|Framestore's Andrew Schlussel, Oz Gani and Ross Burgess|
The answer depends on what kind of project you are working on.
The bigger the budget, the higher quality the animation, and the more the studio will tend to expect perfection - or near-perfection - from the animation team.
The problem with TV
On a fast-paced TV show, such as the kind of work that Jellyfish animation or Blue Zoo specialise in, animators might have to produce 25-30 seconds of animation per week. At this level of speed you don't really get re-takes at all; there just isn't the budget. The shot has to look good first time around, and then it's on to the next one.
|Framestore - lots of re-takes|
Reviewing student work at Escape Studios a few days ago, Framestore Head of Animation Ross Burgess explained that on a feature film, an animator might have to do "70 to 100 iterations of the same shot".
70-100 iterations of a shot is a lot. And this can be a real shock to junior animators, and also quite demoralising. It's very easy, even natural, for a junior animator to think "If I have to do the shot this many times, I must be no good at my job". But it's important not to fall into this trap. Having to do re-takes doesn't mean you're not a good animator; it's just the nature of the business.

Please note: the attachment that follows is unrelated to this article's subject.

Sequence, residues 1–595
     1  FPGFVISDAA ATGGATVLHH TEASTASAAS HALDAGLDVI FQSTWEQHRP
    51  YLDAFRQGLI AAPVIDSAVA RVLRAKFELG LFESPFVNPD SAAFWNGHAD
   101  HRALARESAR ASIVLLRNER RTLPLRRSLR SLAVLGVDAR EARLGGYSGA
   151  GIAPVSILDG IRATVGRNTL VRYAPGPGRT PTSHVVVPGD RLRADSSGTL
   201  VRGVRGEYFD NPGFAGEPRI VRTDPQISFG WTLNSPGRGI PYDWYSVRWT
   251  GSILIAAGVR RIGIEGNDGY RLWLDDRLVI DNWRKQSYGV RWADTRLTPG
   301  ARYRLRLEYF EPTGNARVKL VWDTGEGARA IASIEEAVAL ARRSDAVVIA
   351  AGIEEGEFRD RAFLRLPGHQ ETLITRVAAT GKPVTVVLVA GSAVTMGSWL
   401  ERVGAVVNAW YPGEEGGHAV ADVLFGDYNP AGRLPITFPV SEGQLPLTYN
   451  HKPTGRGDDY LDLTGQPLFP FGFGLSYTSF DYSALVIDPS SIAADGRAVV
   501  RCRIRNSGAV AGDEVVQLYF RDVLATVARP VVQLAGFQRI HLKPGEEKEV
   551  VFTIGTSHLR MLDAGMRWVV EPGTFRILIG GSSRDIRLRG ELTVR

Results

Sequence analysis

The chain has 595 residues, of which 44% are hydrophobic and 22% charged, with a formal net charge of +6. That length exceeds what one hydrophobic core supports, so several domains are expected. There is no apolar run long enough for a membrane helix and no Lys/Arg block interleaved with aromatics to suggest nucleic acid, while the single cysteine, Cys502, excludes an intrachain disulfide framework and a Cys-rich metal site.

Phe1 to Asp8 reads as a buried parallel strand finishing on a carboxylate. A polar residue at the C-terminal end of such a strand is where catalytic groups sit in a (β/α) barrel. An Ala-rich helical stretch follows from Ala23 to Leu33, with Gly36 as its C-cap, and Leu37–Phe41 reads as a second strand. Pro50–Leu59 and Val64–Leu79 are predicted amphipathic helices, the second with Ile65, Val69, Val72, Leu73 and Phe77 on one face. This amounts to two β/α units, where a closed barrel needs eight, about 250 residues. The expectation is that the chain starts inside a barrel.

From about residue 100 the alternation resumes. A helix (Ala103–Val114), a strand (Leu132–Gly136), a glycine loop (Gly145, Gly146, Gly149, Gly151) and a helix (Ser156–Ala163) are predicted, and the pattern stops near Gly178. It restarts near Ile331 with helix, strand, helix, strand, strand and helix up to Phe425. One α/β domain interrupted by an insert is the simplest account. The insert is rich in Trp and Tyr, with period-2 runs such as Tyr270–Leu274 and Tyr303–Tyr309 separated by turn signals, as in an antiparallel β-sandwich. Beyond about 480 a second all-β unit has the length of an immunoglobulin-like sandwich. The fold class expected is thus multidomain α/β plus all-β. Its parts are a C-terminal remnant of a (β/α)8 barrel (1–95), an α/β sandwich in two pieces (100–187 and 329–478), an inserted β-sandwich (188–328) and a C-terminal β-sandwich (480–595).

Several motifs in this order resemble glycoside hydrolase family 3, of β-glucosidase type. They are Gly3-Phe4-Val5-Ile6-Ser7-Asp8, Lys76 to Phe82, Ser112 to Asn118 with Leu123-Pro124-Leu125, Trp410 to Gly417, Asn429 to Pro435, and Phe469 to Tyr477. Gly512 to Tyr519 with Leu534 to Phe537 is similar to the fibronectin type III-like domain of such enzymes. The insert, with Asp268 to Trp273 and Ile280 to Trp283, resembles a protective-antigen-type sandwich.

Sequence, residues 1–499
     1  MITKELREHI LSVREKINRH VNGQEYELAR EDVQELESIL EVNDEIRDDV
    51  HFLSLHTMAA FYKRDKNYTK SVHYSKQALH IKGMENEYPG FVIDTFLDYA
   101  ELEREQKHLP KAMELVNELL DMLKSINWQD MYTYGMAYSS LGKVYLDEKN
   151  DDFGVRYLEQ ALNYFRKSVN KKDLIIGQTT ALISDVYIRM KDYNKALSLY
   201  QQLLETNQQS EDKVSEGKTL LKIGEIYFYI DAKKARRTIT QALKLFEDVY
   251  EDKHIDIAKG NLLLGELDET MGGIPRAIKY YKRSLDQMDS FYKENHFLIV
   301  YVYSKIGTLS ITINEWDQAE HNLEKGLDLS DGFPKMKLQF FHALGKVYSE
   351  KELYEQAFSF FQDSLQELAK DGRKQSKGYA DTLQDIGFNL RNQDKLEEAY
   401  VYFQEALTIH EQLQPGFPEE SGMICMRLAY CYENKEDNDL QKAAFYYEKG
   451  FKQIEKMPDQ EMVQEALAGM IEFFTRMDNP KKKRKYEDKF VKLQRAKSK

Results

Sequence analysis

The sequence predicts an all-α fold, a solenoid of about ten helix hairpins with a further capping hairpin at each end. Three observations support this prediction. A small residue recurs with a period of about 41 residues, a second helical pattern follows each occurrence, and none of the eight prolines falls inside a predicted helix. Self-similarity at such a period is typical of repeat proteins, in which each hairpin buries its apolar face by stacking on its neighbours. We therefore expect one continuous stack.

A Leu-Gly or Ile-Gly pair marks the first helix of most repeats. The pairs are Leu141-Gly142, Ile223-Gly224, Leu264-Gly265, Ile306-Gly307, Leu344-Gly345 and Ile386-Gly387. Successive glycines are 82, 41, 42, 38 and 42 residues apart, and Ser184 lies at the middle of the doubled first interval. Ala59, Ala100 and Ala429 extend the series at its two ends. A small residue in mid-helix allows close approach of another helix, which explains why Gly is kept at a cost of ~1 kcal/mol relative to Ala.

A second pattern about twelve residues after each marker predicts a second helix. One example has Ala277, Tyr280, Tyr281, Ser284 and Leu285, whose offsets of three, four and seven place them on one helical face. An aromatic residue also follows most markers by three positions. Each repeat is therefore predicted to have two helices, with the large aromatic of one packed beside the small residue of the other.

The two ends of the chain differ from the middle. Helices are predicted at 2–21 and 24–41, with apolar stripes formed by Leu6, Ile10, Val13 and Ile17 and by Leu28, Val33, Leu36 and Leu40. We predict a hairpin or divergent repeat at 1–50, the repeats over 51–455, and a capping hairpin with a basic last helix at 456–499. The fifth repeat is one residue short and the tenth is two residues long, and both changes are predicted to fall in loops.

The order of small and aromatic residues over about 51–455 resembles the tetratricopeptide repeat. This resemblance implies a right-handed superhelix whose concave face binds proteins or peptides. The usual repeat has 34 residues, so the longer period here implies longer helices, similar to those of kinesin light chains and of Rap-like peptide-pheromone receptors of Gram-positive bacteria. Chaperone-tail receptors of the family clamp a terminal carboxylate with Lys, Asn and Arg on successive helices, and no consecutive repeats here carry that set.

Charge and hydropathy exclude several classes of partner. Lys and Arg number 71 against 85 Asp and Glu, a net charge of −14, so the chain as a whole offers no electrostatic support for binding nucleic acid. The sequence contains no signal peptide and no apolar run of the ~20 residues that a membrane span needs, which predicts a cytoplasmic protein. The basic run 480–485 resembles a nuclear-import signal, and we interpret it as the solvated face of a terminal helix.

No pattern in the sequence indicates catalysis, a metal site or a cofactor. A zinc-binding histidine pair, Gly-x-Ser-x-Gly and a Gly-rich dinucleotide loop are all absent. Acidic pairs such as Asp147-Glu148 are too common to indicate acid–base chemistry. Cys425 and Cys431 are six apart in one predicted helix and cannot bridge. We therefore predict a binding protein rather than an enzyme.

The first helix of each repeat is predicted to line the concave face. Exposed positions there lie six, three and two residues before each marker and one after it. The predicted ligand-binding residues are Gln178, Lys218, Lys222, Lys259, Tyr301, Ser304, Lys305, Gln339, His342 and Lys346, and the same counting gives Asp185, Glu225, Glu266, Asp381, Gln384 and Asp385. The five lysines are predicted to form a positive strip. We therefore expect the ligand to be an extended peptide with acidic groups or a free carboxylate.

So, if you're lucky enough to land a position as a junior animator at Framestore, or MPC, or DreamWorks, or Disney, or any other studio that animates at a very high level, don't be surprised by the number of times you might have to tweak a shot. Equally, try not to be discouraged. It's all just part of the process.
To find out more about Animation Apprentice, click here for a link to Frequently Asked Questions. To sign up for our next classroom at Animation Apprentice, follow this link.